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Fatigue

A lack of energy, emotional bleakness, and decreased levels of interest in being physically active typically characterize fatigue. While it can be scary as a parent to notice your child showing signs of excessive tiredness or fatigue, we often find that a tired child is not always a sick child. Some causes of fatigue can be treated at home, while others may require a doctor visit. Below, find more explanation of the causes of fatigue as well as various options for prevention.
Causes:
Lack of sleep & irregular sleeping patterns
If your child experiences lack of sleep or an irregular sleeping pattern for any various reason, it can usually be remedied by an adjustment in the child’s routine to allow for more time to sleep. We recommend setting your child’s bedtime an hour or two earlier or allowing him to get up a little later in the morning as time may allow. Even if you believe your child currently gets plenty of sleep for his age, he may require more sleep to feel fully rested. Observe correlated sleeping patterns and levels of tiredness to determine their ideal amount of sleep per night.
Emotional stress
Emotional stress is a serious concern that must be addressed immediately to avoid long-term consequences. Although stress can be unavoidable (for example, if you’ve moved and your child is starting at a new school), you can minimize it by encouraging your child to engage in healthy conversation and making a special effort to help them feel confident and content. Other types of emotional stress are more avoidable and, if the stress leads to fatigue, should be dealt with on a case-by-case basis. Bullying, academic anxiety, and pressure to perform athletically are all forms of negative emotional stress that can eventually manifest itself physically.
Hectic schedule
The hectic schedules we intentionally or unintentionally place upon our children can unfortunately result in lack of sleep. If your child participates in after-school and weekend activities, he or she may not have enough time to properly decompress before going to bed, potentially resulting in poor sleep quality and quantity. Examine your schedules and determine how you can make rest a priority—maybe even for both of you!
Depression
Depression can undoubtedly cause fatigue, especially in teens, and is extremely important to address due to the associated negative long-term consequences. If your child seems listless, apathetic, and lacks energy for activities they once enjoyed, depression could be a factor. If you believe your child is depressed, particularly if circumstances have not changed significantly before the abnormal behavior began, a chemical or hormonal imbalance could be to blame. The child needs to be examined in the office to further investigate and treat the symptoms. If a psychiatric illness is suspected, then they will be appropriately referred to a mental health provider.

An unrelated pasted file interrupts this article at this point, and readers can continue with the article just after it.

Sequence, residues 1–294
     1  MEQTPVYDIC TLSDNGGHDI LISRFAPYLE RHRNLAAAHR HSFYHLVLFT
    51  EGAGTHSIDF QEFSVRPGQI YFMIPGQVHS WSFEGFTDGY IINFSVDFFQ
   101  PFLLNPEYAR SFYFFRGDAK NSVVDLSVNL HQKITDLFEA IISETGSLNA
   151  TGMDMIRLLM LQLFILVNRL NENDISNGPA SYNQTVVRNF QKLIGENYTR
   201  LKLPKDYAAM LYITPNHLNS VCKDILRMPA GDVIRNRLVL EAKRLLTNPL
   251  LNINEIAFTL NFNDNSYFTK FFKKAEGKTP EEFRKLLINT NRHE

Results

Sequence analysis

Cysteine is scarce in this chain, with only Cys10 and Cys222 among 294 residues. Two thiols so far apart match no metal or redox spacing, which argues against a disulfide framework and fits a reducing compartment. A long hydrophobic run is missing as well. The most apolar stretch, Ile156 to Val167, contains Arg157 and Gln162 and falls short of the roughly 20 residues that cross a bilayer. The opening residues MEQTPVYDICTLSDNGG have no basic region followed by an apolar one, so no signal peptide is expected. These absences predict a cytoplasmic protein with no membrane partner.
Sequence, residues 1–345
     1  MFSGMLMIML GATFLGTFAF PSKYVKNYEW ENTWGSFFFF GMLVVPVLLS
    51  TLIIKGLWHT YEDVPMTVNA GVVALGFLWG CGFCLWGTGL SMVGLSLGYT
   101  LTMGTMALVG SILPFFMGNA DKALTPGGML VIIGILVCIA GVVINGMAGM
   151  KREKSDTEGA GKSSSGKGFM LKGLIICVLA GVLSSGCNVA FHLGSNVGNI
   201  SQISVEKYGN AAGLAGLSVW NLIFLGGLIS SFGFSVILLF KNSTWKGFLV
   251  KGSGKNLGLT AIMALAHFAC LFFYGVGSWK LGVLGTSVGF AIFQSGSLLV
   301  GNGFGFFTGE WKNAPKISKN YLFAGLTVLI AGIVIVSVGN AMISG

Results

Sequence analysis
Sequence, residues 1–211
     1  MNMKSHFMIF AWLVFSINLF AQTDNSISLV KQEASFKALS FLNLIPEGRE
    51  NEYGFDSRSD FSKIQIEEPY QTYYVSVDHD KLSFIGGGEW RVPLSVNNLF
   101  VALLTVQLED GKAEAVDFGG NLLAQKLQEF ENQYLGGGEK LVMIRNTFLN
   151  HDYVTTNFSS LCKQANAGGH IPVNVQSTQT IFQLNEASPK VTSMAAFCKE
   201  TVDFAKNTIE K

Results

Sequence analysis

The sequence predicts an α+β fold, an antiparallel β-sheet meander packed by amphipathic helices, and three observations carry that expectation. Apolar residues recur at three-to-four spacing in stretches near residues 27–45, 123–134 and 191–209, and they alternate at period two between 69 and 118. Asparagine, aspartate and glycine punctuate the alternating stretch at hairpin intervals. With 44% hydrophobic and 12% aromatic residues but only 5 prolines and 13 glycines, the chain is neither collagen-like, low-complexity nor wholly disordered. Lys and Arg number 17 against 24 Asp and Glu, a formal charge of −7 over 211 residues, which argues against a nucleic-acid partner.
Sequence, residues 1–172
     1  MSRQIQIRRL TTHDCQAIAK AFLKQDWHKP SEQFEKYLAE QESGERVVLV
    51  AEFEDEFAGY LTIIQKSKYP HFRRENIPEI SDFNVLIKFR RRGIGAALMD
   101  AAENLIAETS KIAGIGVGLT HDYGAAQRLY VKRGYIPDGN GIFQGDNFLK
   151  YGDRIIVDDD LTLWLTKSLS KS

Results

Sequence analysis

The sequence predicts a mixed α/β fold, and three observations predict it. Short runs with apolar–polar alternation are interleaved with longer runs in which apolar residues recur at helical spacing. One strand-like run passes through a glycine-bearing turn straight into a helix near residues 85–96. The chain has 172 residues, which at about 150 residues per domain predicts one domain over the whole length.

Mononucleosis
Mononucleosis (also known as “mono”) can cause extreme fatigue in teenagers.  Mono is transmitted by saliva, so it is contractible from drinking, sharing utensils, coughing, or any other method of saliva transmission. Mono often causes significantly infected tonsils, fever and cold symptoms.  If you suspect your child has mono, please call to have them evaluated.
Other Causes of Fatigue:

  • Anemia is characterized by a lower-than-average red blood cell count and iron deficiency, and is more likely to affect teens and girls in particular.
  • Low thyroid is not particularly common, but your doctor may perform a test to rule it out if there appears to be no other cause for your child’s fatigue.

Prevention:

  • Keep your child feeling energized and healthy by keeping a close eye on their daily routine and activities.
  • An hour before bedtime, create a “sleepy” environment by turning down lights and turning off television, iPads and other electronics.
  • Establish a pre-bedtime routine (brushing teeth, choosing the next day’s clothing, prepping school things, etc.) to “tell” your child’s brain to prepare for sleep.
  • As a general suggestion, consider limiting your child’s participation in extracurricular activities to no more than three or four days per week. Every child needs allotted time to do schoolwork, casually hang out with friends, bond with family, and relax. If your child is particularly active throughout the year with sports and other activities, consider requiring him to take a season (two to three months) off to simply be a kid.
  • Always encourage your child to maintain a reasonably healthy diet and to drink plenty of water. This will help keep her immune system strong and reduce her chances of fatigue-inducing illness.

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